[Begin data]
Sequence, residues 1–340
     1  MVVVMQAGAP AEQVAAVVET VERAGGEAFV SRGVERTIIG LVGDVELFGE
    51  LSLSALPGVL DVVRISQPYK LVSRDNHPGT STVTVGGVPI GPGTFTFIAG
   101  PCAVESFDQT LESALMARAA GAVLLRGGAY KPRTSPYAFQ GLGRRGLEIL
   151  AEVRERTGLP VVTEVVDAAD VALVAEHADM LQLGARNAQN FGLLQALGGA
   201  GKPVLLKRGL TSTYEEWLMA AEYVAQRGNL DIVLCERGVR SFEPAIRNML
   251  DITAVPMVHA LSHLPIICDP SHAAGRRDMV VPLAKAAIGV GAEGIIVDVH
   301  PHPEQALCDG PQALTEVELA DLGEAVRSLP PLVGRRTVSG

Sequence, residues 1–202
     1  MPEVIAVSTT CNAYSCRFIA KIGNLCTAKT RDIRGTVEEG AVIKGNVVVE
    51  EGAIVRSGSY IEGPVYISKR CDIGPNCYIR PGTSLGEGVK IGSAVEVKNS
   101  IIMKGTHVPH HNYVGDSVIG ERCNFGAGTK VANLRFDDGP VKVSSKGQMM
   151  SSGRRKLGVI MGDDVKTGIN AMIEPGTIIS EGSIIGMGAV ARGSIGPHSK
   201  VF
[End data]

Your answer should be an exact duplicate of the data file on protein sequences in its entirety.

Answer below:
Sequence, residues 1–340
     1  MVVVMQAGAP AEQVAAVVET VERAGGEAFV SRGVERTIIG LVGDVELFGE
    51  LSLSALPGVL DVVRISQPYK LVSRDNHPGT STVTVGGVPI GPGTFTFIAG
   101  PCAVESFDQT LESALMARAA GAVLLRGGAY KPRTSPYAFQ GLGRRGLEIL
   151  AEVRERTGLP VVTEVVDAAD VALVAEHADM LQLGARNAQN FGLLQALGGA
   201  GKPVLLKRGL TSTYEEWLMA AEYVAQRGNL DIVLCERGVR SFEPAIRNML
   251  DITAVPMVHA LSHLPIICDP SHAAGRRDMV VPLAKAAIGV GAEGIIVDVH
   301  PHPEQALCDG PQALTEVELA DLGEAVRSLP PLVGRRTVSG

Sequence, residues 1–202
     1  MPEVIAVSTT CNAYSCRFIA KIGNLCTAKT RDIRGTVEEG AVIKGNVVVE
    51  EGAIVRSGSY IEGPVYISKR CDIGPNCYIR PGTSLGEGVK IGSAVEVKNS
   101  IIMKGTHVPH HNYVGDSVIG ERCNFGAGTK VANLRFDDGP VKVSSKGQMM
   151  SSGRRKLGVI MGDDVKTGIN AMIEPGTIIS EGSIIGMGAV ARGSIGPHSK
   201  VF